• When aiming for transformation, the coach creates spaces where teachers can challenge their own practices as well as the historical power structures that operate within schools.

    The brief then provides guidance on how to choose a coaching model that’s in line with the teacher’s ideological beliefs, context, and goals. The International Literacy Association further conceptualizes the role of coaches and other specialized literacy professionals in Standards for the Preparation of Literacy Professionals 2017.

    Alina O'Donnell is the communications strategist at ILA and the editor of Literacy Daily.

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    Arming Teachers Is Not a Solution to Stop Gun Violence in Schools

    By Marcie Craig Post
     | Mar 07, 2018

    armingteachers1The prevalence of school shootings in the United States underscores an urgent and, so far, unmet need of devising comprehensive measures that protect students, teachers, and staff in education spaces.

    While the specifics of those measures are, and ought to be, open to fair debate, the notion that arming teachers is the best answer to preventing recurrences of this type of tragedy is preposterous.

    We are already seeing action. State lawmakers across the country have introduced legislation specifically prohibiting classroom teachers from carry guns, such as in New York. And, earlier this week, the Florida state Senate took action to halt the movement toward arming classroom educators.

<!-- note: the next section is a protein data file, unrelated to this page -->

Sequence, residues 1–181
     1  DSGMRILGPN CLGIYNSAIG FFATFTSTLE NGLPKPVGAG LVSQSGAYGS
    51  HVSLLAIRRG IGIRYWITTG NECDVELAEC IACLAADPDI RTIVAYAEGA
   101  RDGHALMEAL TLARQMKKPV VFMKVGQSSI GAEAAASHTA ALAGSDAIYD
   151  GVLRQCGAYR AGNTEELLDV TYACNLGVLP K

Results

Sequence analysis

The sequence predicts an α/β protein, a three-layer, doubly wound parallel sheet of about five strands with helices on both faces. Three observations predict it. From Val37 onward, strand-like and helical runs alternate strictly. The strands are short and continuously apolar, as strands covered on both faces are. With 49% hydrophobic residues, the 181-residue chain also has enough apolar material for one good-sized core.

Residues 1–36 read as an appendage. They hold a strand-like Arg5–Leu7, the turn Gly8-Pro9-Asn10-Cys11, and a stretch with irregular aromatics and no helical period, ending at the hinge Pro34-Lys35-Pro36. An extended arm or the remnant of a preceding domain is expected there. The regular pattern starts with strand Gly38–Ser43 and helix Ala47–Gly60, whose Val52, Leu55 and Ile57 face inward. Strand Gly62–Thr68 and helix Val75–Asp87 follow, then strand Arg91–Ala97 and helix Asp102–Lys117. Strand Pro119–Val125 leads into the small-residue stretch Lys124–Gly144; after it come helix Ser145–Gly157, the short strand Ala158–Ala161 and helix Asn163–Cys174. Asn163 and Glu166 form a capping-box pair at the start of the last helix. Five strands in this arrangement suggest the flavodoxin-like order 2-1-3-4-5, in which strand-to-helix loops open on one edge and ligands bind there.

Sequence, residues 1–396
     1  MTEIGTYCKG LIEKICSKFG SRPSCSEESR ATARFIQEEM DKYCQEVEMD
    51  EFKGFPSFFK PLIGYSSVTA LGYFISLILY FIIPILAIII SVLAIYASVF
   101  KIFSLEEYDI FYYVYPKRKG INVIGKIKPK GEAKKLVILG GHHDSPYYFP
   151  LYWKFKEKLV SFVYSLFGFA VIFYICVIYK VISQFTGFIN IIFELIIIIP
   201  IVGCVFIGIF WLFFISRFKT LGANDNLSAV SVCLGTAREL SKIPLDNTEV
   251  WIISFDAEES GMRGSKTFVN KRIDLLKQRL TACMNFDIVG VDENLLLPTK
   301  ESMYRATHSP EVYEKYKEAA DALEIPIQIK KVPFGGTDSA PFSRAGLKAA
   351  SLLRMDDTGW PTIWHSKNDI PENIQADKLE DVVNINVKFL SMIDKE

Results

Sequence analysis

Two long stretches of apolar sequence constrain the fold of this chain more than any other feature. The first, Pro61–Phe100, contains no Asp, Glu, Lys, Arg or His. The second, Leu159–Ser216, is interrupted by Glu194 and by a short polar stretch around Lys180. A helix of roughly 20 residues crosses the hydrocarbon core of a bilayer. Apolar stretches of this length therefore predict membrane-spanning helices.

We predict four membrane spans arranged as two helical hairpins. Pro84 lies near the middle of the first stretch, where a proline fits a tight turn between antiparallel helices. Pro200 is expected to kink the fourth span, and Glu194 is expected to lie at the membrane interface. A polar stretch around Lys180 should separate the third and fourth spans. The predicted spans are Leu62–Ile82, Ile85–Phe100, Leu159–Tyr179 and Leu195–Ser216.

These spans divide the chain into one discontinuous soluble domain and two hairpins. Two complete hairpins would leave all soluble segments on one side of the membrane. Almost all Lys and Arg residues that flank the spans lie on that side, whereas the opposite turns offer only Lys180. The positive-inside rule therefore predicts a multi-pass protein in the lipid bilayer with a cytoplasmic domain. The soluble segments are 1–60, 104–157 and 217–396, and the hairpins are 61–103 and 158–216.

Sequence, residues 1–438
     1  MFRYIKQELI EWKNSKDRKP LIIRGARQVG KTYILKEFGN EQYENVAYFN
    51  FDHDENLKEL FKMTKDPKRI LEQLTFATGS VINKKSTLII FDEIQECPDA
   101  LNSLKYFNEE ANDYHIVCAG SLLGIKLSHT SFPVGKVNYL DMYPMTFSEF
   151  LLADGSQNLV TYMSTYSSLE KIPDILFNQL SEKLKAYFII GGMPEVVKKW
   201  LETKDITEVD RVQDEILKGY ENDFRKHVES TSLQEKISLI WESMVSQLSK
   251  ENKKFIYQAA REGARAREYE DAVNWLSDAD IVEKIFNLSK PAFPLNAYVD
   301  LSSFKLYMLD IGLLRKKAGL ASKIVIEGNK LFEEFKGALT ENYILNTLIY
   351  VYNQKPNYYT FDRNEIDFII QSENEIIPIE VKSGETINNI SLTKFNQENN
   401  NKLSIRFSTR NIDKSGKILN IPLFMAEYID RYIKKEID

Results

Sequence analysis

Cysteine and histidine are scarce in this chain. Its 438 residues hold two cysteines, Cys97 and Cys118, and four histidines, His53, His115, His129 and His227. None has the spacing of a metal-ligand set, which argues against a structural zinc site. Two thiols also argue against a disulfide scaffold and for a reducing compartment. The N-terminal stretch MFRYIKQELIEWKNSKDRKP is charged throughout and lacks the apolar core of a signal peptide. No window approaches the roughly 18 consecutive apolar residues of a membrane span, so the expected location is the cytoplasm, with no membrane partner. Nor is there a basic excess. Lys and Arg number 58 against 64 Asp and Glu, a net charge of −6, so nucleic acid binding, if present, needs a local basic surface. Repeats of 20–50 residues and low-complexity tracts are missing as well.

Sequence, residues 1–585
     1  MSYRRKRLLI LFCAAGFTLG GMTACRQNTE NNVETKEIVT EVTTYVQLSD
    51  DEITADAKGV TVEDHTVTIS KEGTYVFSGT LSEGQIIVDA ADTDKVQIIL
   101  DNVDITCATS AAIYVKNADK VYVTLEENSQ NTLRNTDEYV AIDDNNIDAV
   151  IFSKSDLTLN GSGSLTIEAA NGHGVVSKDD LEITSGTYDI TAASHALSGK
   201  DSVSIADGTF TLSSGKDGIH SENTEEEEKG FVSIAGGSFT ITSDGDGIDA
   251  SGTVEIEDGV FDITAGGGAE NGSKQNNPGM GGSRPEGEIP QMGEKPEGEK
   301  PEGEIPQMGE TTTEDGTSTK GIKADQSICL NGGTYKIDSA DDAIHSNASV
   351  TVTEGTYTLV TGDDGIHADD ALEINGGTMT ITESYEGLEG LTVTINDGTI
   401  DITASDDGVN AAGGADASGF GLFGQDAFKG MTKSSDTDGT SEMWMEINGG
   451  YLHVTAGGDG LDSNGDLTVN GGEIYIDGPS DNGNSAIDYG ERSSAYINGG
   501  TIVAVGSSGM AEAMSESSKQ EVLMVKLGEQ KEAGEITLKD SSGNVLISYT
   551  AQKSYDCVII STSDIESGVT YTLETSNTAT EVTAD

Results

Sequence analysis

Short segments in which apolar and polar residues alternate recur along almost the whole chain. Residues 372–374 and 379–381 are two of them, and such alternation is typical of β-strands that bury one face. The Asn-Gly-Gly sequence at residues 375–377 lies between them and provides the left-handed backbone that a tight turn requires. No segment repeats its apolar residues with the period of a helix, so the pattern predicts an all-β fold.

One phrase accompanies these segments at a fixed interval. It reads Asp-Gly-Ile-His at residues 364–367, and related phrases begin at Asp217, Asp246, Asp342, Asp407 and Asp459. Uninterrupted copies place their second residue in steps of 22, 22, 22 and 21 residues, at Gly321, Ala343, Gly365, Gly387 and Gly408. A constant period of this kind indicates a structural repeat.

Teaching and security enforcement are two different roles. Combining them is impractical and unwise, even if proposed with the best of intentions. The challenges of effective literacy instruction for students are formidable enough. Neither teachers, nor students, should have to wrestle with the distraction of gun-equipped classrooms.

    Everyone deserves to feel safe in the classroom. Teachers need to give their full attention and effort to each day’s learning. They need schools unfettered by violence. What we are hearing from our members and other educators is that introducing weapons into the teacher-student relationship shatters any shared sense of safety and security.

    Talk to literacy teachers and you will quickly find out how precious a commodity their instructional time is, and how demanding a preparation is required for them to be at their most effective in the classroom. Asking teachers to learn how to use weapons, arm themselves, and undertake security enforcement roles while teaching is not only burdensome, distracting, and education-impairing, it’s downright dangerous.

    To place on teachers the additional responsibility of having to use deadly physical force against an armed assailant who has managed to enter school grounds with lethal ordinance distorts and perverts the teaching function. It further puts teachers and students at risk as shown by instances where weapons have accidently or, at times intentionally, been misused.

    It also gives would-be assailants the ultimate and undeserved victory of making schools a weapons-based environment.

    This is hardly the legacy that teachers and students at schools which have had to contend with episodes of gun violence would wish for. We owe it to them and to ourselves to do much better than that.